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Despite Huge Growth in Global Digital Trade in Recent Years, Some Countries Seek to Slow Adoption, Reports USITC

September 28, 2017
News Release 17-137
Inv. No. 332-561
Contact: Peg O'Laughlin, 202-205-1819
Despite Huge Growth in Global Digital Trade in Recent Years, Some Countries Seek to Slow Adoption, Reports USITC

Digital technologies are transforming business and international trade, reports the U.S. International Trade Commission (USITC) in its publication Global Digital Trade I: Market Opportunities and Key Foreign Trade Restrictions.

Expansion of the Internet’s network infrastructure has enabled the proliferation of devices, driving up demand for cloud services and data analytics resources, according to the report. These products and services are used by many companies and consumers.  However, despite the huge growth in global digital trade in recent years, some countries have imposed measures that slow or halt the domestic adoption of digital technologies in both digital and traditional industry sectors.

The USITC, an independent, nonpartisan, factfinding federal agency, conducted the investigation at the request of the U.S. Trade Representative.

As requested, the USITC report describes recent developments in global trade in business-to-business (B2B) and business-to-consumer (B2C) digital products and services. The report provides information on the market for digital products and services in the United States and key foreign markets, including Brazil, China, the EU, India, Indonesia, and Russia. The report also provides information on global adoption of digital technologies and the importance of data flows. Finally, the report also describes regulatory and policy measures in key foreign markets that may impede digital trade. Developments highlighted in the report include:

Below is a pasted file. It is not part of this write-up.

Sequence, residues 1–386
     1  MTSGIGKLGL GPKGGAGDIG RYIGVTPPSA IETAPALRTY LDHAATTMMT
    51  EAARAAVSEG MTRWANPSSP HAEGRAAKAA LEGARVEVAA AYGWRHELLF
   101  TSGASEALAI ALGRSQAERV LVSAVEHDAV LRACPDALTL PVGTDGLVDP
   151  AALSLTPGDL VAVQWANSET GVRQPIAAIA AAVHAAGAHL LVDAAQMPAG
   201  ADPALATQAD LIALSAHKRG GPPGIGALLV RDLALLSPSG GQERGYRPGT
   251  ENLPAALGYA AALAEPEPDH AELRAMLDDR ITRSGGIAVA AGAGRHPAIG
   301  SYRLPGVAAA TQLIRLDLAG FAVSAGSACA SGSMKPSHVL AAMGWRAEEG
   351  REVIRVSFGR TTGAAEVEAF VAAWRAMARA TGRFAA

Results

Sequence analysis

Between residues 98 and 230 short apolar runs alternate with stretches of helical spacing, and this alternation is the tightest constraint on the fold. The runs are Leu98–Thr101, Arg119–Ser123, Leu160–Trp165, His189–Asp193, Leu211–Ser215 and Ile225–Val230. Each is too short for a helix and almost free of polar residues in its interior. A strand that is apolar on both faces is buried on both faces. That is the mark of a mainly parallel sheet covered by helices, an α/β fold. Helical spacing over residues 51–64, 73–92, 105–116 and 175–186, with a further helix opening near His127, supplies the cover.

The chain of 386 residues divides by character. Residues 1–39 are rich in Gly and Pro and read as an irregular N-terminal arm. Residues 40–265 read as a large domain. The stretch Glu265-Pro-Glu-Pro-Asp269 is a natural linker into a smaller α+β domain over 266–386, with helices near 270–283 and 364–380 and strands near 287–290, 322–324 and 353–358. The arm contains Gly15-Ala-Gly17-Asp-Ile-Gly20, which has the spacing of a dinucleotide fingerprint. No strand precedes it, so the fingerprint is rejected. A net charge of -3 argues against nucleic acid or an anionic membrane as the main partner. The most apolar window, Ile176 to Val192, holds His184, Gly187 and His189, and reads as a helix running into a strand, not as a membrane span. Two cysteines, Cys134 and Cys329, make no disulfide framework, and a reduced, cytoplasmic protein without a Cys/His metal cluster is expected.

• An estimated 49 percent of the global population has a mobile broadband subscription, outpacing fixed broadband growth in the last five years.
  • U.S. spending on public cloud services outpaced the rest of the world combined, with nearly $63 billion in spending, significantly larger than the EU ($19 billion), which was the next largest market.
  • Global digital content (video games, video, music, and e-publishing) revenue grew to nearly $90 billion in 2016, with video games making up nearly 55 percent of the total.
  • Global e-commerce grew to over $ 27.7 trillion in 2016. B2B e-commerce makes up more than 85 percent of the total. China ($767 million) and the United States ($595 million) are the top B2C e-commerce markets.
  • Firms in many different industries are adopting digital technologies such as Internet-connected sensors, unmanned aerial vehicles, and advanced data analytics to collect and analyze massive amounts of data to improve their business processes.
  • U.S. industry representatives report that many types of regulatory and policy measures potentially impede digital trade, including measures targeting data protection and privacy, data localization, cybersecurity, inadequate intellectual property rights enforcement, censorship, and market access and investment. Overall, the most cited policy measure impeding digital trade was data localization, while content industry representatives reported that ineffective enforcement of intellectual property protections affected them the most.

Global Digital Trade 1: Market Opportunities and Key Foreign Trade Restrictions (Investigation No. 332-561, USITC publication 4716, August 2017) is available on the USITC’s Internet site at

USITC general factfinding investigations cover matters related to tariffs or trade and are generally conducted at the request of the U.S. Trade Representative, the House Committee on Ways and Means, or the Senate Committee on Finance. The resulting reports convey the Commission's objective findings and independent analyses on the subjects investigated. The Commission makes no recommendations on policy or other matters in its general factfinding reports. Upon completion of each investigation, the USITC submits its findings and analyses to the requester. General factfinding investigation reports are subsequently released to the public, unless they are classified by the requester for national security reasons.

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